06. Give 'something extra'
"I have a theory, which sounds like a joke – but actually I think it's true. I believe there are a lot of people in the audience who are waiting with baited breath as the speaker waves their arms around, hoping that some of the speaker's talent is going to waft over them."
"I know it sounds silly, but who of us has never wanted to be as good a footballer as Pele, or as good a singer as Elton John? Maybe it's a juvenile idea, but I think the child in us would always hope that something good rubs off."
"I also think that the 'something extra' is a speaker who talks about their failures as well as their successes. How did they overcome hurdles? Who do they admire? Where do they draw inspiration from? All of these are of interest."
06. Delivery is key
"I've seen hundreds of talks, many fantastic and some quite poor. What makes the difference? Delivery. I've seen the most incredible work by artists and designers but their delivery was terrible, and equally, I've seen brilliant stage craft, but dull work. So, obviously, the work is important, but equally important is the way you deliver on stage."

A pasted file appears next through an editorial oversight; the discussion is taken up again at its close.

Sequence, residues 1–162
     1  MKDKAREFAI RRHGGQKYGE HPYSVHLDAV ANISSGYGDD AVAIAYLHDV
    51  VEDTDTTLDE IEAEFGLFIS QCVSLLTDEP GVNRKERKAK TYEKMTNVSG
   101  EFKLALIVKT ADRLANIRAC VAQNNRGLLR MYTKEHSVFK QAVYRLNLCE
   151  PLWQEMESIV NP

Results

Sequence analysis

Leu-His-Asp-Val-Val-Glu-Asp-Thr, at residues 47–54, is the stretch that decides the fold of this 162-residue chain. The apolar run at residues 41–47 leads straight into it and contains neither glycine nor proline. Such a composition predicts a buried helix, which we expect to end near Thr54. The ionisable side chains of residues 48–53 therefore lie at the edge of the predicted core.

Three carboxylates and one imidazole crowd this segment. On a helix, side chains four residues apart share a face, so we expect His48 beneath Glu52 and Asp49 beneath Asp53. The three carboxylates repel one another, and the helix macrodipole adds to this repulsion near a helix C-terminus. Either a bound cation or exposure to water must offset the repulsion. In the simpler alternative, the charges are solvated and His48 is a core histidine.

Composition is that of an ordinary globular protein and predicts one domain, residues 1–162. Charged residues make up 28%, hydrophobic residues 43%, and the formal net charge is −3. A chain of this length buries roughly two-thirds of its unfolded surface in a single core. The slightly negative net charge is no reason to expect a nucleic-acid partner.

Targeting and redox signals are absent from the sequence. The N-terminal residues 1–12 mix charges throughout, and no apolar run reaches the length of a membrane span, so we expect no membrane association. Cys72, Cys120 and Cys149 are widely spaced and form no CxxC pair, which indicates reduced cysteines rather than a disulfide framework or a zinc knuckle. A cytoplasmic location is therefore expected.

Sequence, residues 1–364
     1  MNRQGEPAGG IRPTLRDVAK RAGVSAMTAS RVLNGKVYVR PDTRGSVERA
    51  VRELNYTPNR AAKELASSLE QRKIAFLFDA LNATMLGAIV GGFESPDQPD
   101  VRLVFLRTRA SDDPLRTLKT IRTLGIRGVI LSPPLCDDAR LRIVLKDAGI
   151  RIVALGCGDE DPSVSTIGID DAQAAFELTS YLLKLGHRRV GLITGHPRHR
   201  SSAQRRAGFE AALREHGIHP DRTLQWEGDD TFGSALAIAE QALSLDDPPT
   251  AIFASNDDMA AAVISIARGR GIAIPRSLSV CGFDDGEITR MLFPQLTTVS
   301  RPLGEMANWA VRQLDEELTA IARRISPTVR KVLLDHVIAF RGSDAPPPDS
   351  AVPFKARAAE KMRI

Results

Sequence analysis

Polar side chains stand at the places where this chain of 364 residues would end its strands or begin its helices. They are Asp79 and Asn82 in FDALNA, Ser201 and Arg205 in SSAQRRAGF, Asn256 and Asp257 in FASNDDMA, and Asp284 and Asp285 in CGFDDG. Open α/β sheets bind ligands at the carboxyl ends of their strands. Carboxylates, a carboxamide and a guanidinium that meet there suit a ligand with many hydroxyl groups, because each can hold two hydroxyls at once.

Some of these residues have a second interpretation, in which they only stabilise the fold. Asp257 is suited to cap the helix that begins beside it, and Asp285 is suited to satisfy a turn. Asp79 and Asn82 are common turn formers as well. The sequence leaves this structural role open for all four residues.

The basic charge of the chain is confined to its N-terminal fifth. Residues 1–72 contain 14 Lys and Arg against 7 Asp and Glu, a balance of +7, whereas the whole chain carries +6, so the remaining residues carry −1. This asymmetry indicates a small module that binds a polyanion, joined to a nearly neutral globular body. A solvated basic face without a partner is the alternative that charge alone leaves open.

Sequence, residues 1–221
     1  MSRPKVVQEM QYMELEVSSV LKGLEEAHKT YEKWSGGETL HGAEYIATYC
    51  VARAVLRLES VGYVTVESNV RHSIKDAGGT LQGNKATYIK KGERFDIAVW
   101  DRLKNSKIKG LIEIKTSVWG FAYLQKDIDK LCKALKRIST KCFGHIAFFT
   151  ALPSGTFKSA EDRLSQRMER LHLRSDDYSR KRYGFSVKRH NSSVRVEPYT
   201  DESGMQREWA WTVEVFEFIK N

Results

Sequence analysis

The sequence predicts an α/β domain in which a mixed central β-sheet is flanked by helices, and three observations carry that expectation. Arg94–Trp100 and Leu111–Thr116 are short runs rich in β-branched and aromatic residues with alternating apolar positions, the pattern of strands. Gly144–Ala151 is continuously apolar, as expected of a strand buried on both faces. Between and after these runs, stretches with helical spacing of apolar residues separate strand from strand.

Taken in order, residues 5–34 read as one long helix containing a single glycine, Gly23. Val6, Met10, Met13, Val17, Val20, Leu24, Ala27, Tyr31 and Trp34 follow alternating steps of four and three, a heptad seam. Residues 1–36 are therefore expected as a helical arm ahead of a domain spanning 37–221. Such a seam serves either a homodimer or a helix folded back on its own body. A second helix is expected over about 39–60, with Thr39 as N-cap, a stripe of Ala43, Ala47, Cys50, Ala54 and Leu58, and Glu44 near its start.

07. Engage with your audience
"Does the speaker engage? Do they feel relaxed? Do they know what they're talking about and appear passionate about it? These are all things that are whizzing around my head whilst watching presentations."
08. Don't panic if it goes wrong
"Thankfully, I've not seen many real problems. Things like microphones failing, or 'clicks' that the speaker seems to be the only person unaware of, I've seen a few times."
"How to overcome that? The event should have someone dedicated to AV; someone who's prepared to run on stage and swap mics. How does a speaker deal with it? The best speakers are the ones that deal with it naturally, relaxed and without panic."
09. Never cut it short
"The worst thing I've seen is someone 'short' their presentation by a lot. I've seen a 60-minute presentation shortened to 20 minutes. That's a nightmare."
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